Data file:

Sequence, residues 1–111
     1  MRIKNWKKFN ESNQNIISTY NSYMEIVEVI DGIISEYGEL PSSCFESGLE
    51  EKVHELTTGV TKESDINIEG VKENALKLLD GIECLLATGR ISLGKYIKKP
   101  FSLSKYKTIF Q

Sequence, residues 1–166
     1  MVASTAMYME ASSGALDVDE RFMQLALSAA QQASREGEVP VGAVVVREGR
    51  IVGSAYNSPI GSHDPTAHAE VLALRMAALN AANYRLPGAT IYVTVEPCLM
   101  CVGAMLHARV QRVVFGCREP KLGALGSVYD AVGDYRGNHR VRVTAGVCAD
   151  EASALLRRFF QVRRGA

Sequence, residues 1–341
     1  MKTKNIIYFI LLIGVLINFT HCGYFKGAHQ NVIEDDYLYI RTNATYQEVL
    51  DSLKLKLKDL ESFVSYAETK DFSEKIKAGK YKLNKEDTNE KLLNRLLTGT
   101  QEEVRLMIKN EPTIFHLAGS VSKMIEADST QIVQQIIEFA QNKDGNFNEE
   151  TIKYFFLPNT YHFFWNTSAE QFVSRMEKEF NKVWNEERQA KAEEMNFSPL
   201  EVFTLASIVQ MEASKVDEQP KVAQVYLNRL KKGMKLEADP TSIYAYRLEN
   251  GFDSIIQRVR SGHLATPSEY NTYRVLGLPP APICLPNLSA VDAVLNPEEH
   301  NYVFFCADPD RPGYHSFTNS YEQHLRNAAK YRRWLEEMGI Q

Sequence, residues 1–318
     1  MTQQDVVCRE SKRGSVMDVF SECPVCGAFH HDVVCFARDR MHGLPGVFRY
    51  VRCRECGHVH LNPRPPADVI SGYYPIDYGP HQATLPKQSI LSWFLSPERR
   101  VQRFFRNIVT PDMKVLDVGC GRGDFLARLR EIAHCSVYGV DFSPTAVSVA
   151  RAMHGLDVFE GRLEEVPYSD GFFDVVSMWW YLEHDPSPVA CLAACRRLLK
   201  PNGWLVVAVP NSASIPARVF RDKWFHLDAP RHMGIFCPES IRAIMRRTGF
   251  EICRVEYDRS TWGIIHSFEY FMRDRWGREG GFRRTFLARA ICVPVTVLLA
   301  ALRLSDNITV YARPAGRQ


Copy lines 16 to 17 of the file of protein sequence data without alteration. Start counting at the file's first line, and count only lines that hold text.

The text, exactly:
   251  GFDSIIQRVR SGHLATPSEY NTYRVLGLPP APICLPNLSA VDAVLNPEEH
   301  NYVFFCADPD RPGYHSFTNS YEQHLRNAAK YRRWLEEMGI Q